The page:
Money can't buy happiness, but giving it away may

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Nature Communications

When people are generous, the brain areas linked with happiness light up, according to international researchers. Twenty five people were given money to spend on themselves, and 25 were given money to spend on other people. By monitoring brain activity, the researchers were able to answer a question that has flummoxed economic theorists: why would someone use their own resources to make other people happy? The activity in the study participants' brains provides an answer; giving makes the giver happy too.

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University of Lübeck, Germany
  • Health / Medical
  • Society / Lifestyle
Last updated: Tue 18 Jul 2017 Funder: Grant 0036/AB16 from the Templeton World Charity Foundation, grants PP00P1_128574, PP00P1_150739, 00014_165884 and CRSII3_141965 from the Swiss National Science Foundation and grants PA-2682/1-1 and INST 392/125-1 (Project C07 from SFB/TRR 134) from the German Research Foundation.

Media Release

From: Springer Nature

Neuroscience: Why giving makes you happy

People are often generous, even at a cost to themselves, and this could be because of a link between the brain areas activated when one is generous and those involved in happiness, suggests a paper published this week in Nature Communications.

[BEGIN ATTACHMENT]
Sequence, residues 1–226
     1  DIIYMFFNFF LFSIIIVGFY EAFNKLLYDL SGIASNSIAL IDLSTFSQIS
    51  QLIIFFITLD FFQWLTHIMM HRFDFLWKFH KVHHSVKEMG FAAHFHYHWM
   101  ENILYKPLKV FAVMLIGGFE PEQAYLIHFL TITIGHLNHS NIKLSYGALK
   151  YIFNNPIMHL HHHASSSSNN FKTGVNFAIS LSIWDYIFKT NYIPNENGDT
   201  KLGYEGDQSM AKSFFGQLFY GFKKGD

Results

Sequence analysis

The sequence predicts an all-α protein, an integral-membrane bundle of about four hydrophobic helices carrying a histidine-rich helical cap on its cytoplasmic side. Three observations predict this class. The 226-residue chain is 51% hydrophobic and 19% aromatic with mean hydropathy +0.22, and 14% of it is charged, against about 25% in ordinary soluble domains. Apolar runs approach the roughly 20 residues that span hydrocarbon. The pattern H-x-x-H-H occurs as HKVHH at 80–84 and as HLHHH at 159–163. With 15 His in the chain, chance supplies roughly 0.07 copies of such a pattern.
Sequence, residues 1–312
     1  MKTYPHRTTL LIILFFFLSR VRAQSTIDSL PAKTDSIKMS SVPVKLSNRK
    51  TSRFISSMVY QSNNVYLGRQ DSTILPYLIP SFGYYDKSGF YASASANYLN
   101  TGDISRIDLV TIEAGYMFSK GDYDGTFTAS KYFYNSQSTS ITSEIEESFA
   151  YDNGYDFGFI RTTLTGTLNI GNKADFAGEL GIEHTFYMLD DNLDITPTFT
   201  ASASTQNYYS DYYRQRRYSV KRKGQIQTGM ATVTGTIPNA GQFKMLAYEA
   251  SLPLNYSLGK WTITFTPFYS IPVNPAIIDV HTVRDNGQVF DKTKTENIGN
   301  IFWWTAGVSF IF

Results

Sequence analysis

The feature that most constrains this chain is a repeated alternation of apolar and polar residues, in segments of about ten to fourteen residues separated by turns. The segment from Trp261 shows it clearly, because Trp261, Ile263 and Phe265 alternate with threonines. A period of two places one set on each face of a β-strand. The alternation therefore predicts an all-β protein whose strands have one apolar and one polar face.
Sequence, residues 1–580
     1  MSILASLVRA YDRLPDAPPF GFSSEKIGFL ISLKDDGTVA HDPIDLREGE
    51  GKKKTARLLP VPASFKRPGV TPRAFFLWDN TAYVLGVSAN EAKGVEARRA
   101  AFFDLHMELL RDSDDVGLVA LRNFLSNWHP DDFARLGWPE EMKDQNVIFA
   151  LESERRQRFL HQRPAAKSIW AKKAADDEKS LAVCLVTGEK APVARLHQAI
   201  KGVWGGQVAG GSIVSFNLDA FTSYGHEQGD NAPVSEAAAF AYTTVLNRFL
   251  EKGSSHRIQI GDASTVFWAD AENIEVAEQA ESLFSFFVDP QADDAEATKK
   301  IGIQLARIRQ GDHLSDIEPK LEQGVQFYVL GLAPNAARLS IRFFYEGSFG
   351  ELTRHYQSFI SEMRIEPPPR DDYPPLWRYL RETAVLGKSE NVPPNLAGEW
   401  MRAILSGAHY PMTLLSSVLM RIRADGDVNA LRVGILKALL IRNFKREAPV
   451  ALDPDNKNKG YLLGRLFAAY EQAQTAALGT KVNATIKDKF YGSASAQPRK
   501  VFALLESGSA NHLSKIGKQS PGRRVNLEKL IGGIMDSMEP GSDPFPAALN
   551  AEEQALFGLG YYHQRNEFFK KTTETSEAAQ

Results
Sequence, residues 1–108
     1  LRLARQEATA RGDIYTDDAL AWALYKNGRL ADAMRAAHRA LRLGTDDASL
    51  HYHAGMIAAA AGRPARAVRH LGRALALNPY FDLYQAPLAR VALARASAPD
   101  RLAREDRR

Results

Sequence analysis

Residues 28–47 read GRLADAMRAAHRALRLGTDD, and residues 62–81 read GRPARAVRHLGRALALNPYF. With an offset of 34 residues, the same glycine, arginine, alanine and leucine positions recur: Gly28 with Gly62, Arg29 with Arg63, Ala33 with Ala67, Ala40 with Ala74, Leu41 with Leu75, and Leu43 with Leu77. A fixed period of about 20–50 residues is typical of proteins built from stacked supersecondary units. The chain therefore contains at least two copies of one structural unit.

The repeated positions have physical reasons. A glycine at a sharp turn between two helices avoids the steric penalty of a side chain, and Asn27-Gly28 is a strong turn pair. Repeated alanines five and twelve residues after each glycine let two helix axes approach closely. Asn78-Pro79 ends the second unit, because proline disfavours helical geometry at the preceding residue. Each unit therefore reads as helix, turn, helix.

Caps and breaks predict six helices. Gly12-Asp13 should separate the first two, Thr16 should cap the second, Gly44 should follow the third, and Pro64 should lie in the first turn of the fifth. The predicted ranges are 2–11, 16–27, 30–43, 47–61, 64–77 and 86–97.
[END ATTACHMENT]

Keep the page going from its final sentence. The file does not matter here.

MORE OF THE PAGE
Societies and cultures value generous behaviour, but this behaviour tends to involve investing one’s own resources to benefit another and so is hard to explain using standard economic theory. However, research has suggested that the motive for generous behaviour is the increased happiness with which it is associated.

To investigate the brain mechanisms that link generous behaviour with happiness, Soyoung Park and colleagues analysed brain activity in 50 participants performing a money-spending task. The participants were told that they would receive 25 Swiss Francs each week for four weeks. Half of the participants were told that this money was for themselves, and were asked to write down how they would spend it (for example, on a meal for themselves); the other half of the participants were told that the money was to be spent on somebody else, and were asked to write down how they would spend it (for example, taking a friend or partner out to dinner). The authors found that the participants who had committed to spending their money on others also behaved more generously in an independent task and had more activity in a particular brain area linked to the subjective feeling of happiness.

Taken together, the results of this study elucidate the brain regions that link commitment-induced generosity with happiness, suggesting a potential explanation for the question that defies logic: why be generous if it would be more beneficial to keep those resources for yourself? Now we know: because giving them away activates the brain in a way that makes you feel happier.

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